June 27, 2012

You know you are in Ukarumpa when…(a mom’s perspective)

by mendibpng

My friend Clare helped me come up with a few of these… J

  • Seeing liquid dish soap (or some other item you’ve been pining for) in the store makes you excited
  • A package from your home country is the highlight of the week…or month…or year!
  • All of your friends live within walking distance.
  • Your kids have dried mud on their legs from the knees down
  • You know when to expect your children home from school because you hear the school bell from your house
  • You encounter people from many different nationalities at the store. I once counted seven nationalities from one trip alone!
  • Herbs and veggies grow year ‘round in your garden.
  • The sun coming out means you can have a hot shower and get your laundry dry.
  • You buy a crazy supply of the thing you love to cook with because next week it may not be available for several months. (I have 3 bottles of Hot Wings sauce in my pantry.)
  • Bible study is your ‘night out’ with your husband.
  • A trip to the nearest town (30 minutes drive away) is the first outing off center you’ve had in months. We call it ‘retail therapy.’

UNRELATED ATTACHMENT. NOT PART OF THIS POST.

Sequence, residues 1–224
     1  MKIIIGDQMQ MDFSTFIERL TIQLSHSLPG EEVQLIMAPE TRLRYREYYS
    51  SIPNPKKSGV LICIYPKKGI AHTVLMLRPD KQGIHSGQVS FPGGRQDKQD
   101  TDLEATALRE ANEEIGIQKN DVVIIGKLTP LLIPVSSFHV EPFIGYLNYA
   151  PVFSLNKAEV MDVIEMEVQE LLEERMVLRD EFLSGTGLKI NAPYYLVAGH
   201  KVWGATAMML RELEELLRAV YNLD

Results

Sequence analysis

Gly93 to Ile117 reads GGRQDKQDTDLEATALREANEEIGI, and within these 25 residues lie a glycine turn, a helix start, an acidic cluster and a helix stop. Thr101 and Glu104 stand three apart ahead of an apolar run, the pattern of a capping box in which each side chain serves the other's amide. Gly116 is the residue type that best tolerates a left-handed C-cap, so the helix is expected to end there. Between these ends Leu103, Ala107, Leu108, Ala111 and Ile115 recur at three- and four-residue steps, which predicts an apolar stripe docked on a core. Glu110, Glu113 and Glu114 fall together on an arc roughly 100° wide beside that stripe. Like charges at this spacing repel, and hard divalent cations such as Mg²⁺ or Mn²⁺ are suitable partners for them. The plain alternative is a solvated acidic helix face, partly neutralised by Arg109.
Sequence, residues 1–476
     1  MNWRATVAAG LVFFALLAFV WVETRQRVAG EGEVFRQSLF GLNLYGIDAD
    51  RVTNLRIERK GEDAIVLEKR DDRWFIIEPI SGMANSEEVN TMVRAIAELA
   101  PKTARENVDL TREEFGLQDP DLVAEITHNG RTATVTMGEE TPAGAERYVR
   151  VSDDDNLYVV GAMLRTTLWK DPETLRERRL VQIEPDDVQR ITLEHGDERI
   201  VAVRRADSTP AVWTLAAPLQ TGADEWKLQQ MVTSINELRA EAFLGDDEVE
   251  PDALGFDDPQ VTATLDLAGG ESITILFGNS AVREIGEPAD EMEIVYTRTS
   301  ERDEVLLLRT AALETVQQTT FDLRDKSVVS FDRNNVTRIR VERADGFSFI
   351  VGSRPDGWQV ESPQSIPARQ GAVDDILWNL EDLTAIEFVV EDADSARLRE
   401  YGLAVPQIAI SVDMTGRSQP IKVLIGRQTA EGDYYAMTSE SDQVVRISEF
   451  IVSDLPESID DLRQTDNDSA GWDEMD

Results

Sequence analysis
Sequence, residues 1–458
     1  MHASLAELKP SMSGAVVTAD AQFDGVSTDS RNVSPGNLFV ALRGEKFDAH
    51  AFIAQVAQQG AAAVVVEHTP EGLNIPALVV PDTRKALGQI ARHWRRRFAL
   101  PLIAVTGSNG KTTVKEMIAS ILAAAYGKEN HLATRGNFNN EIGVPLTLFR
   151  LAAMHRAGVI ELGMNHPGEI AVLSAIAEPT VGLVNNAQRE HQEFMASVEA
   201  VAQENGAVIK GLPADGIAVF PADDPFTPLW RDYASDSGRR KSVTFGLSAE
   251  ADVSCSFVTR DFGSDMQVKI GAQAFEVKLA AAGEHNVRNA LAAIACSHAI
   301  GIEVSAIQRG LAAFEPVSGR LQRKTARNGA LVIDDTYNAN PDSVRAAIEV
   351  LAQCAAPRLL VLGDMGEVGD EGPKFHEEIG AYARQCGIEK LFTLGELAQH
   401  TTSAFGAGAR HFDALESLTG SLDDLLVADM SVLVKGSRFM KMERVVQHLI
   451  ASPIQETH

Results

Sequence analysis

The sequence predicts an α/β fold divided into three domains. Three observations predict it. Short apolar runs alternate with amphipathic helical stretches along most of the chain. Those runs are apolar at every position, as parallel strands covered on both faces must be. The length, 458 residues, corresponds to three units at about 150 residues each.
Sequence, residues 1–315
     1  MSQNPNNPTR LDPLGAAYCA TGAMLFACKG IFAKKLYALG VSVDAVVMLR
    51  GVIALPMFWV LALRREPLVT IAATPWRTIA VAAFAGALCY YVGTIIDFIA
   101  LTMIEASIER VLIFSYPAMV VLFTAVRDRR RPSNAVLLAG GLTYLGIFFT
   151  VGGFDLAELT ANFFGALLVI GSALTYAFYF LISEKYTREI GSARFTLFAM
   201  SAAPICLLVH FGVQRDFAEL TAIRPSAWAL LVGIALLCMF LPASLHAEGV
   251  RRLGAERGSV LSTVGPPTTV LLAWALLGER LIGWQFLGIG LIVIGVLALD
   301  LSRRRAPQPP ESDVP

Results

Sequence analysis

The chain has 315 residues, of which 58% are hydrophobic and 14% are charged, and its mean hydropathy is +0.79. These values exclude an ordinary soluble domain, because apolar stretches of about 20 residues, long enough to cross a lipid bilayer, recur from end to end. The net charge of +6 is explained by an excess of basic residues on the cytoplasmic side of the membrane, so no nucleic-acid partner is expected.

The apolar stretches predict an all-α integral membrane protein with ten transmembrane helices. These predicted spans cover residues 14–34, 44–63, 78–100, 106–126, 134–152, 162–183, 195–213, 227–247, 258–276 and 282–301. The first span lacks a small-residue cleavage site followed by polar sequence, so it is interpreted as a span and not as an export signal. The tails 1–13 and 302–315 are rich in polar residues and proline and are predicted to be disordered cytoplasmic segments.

• You try to sneak out to the fruit and vegetable market at 6.30 am, but your children all wake up and want to come with you.
  • A sun shiny day means you can get the baby pool out but you have to add several buckets of warm water so that the kids lips don’t turn blue.
  • You take the time to roll out tortillas and make pizza from scratch because food from your home country is comforting.
  • A girl’s night out can be a sleepover at the volunteer center, a trip to the sauna or a movie night at someone’s house.
  • A ‘date’ night with your husband is putting the kids to bed early and having a late candlelight supper at home because there are no places to eat out.
June 26, 2012

Grandparents Visit

by mendibpng

Right to left: my dad (Pap Pap), mom (Oma), Jenny Beth, me, Ellie, Ben, Noah, Jacob and Josiah

Our kids loved connecting with their grandparents after not seeing them for two years! We Skype  regularly so the twins knew my parents instantly and went right to them when they arrived.

Jenny Beth drank in all the extra attention from my parents. It didn’t take long for her to ask for my dad to get her out of her bed in the morning (and not mommy!)

Playing scrabble with Oma

My parents braved a cold Ukarumpa morning to see the market!

On Noah’s birthday we had pizza, hot wings and cake that Oma made. Here is Noah taking a turn at PNG fireworks (steel wool set on fire).

All of our kids LOVED the presents my parents brought. Joe got his birthday present a month early (a remote control helicopter).

Mama Hana has been with us for 10 years, and what a blessing it was to introduce her to my parents! She gave them each a bilum she made for them.  (string bag)